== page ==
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'93 White LWB, 235/85R16, 2" OME, Bottorf bumper,
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Discussion Starter #1
Good news: I started it up with the cap off the overflow tank, let it get good and hot, and there was NO evidence of bubbles, swirling, discoloration, or exhaust smell in the overflow tank.

Bad news: BRAND NEW upper rad hose blew out right at the temp sensor while following the wife and kids up to Maine a week ago, 40 min from home. SECOND time she's rescued me on the side of the road due to an upper hose blowing at the exact same spot, where the sensor boss is bonded to the main hose.

My wife is NOT and understanding person, and did not hear my explanations of it being a hose problem. To her, it's another indication that my beloved LWB is a POS and I need to sell it.

For the record: This is the THIRD time in the 15k miles I've owned the truck that the top hose has blown. Second time, I was able to stop the truck, let it cool, and fixed the leak at the temp sensor boss on the hose with some of that amazing rubber tape that vulcanizes to itself when wrapped and stretched. That repaired hose lasted 10k miles until last weekend, when I decided to play it safe and install a NEW hose. Now I'm back to the repaired hose.

So today I checked for visual indications that the head gasket has blown and is pressurizing the coolant, and tomorrow I'm having a shop do a "sniff" test to detect exhaust in the coolant.

If this sniff test comes out negative, could my recurring problem really be due to a bad coincidence of bad upper hoses? What are the chances of that?

Truck has never given indications of overheating, temp guage is always vertical. I can change the thermostat, maybe even boil the radiator, but if either of these were suspect, wouldn't it overheat?
 

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have you replaced the radiator cap? it could be that it isn't venting correctly when the system reaches the designed opperating pressure.

the head gasket could still be compromised and only leaking when the cylinder pressures are higher when the engine is under load.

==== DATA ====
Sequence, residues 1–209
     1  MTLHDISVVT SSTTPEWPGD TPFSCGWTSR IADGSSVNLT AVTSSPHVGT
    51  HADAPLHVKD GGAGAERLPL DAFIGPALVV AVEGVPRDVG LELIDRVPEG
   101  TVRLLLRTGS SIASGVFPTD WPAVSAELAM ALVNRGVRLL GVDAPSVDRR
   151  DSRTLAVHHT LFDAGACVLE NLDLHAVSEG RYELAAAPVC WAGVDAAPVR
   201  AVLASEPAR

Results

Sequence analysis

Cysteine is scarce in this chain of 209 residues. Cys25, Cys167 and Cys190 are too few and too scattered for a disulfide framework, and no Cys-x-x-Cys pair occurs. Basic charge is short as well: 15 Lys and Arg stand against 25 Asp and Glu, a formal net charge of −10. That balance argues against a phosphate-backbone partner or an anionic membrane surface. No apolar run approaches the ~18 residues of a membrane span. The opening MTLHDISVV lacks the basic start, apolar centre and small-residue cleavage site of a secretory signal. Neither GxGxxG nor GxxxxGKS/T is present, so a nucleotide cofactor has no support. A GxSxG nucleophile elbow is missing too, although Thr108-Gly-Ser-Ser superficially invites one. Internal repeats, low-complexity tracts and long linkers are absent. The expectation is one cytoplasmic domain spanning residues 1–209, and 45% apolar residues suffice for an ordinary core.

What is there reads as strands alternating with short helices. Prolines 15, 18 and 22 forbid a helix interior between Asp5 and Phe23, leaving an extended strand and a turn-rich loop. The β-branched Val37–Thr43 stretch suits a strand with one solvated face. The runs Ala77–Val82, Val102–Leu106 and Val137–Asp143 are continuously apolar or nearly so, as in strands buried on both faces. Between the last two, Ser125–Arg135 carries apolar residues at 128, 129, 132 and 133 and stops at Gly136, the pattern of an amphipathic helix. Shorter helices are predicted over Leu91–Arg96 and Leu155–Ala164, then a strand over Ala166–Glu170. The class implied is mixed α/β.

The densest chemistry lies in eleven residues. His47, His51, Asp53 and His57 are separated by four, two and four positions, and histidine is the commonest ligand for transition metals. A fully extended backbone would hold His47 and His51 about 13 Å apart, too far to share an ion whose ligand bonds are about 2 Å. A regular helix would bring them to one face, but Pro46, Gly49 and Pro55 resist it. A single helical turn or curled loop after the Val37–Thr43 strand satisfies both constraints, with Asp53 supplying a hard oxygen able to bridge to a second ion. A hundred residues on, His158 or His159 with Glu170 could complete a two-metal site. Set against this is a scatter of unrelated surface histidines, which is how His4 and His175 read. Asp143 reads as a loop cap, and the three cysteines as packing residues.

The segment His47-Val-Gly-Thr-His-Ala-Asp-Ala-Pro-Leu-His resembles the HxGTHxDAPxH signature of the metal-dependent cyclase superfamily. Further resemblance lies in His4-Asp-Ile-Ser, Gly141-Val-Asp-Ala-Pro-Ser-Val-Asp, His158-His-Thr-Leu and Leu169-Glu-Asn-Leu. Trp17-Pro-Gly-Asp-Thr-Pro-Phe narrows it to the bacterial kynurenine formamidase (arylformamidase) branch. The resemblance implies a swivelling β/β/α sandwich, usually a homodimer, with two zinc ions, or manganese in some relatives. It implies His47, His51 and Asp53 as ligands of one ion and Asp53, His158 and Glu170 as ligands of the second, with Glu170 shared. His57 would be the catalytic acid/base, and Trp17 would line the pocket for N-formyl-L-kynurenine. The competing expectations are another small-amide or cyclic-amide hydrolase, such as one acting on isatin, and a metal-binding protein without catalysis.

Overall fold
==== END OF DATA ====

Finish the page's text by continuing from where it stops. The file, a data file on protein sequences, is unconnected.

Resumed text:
seems unlikely that youwould have gotten 3 bad hoses but guess it is possible.
 

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Hello,

Does the top hose remain solid after the engine has gone cold? If it does that is not good. Somehow gases are getting into the cooling system. Could be head gaskets or slipper liners.

I kept driving my 93 4.2 until the heater matirx split. Water everywhere, worst off it trashed the original radio. Time for an engine overall to see if the block or heads are at fault.

NKG
 

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'93 White LWB, 235/85R16, 2" OME, Bottorf bumper,
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295 Posts
Discussion Starter #4
Time for an engine overall to see if the block or heads are at fault.

NKG
Still waiting to do the sniff test (tomorrow). Top hose does not stay firm when engine is cool.

Being an optimist, I predict the exhaust-gas test will come out negative. Then I'll replace the thermo and coolant tank cap.
 

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'93 White LWB, 235/85R16, 2" OME, Bottorf bumper,
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295 Posts
Discussion Starter #5
More good news...

The test came back negative for exhaust in the coolant.

So now I'm going to change the thermo, change the coolant tank cap, and come up with a design change for that upper hose...
 

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Same exact issue in the wife's 93 LWB. One hose I simply filled it up let run in the parking lot. Started to drip lightly from that same spot. The 3rd hose has held for a few weeks now. What brand hoses did you buy?
 

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'93 White LWB, 235/85R16, 2" OME, Bottorf bumper,
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295 Posts
Discussion Starter #7
Cannot recall exactly what the make of the latest hose to blow was...UNI? UNO? Couldn't even tell you where i got it, Rockauto? it sat in my spare parts bin in the truck for well over a year until I decided to install it before a long family road trip.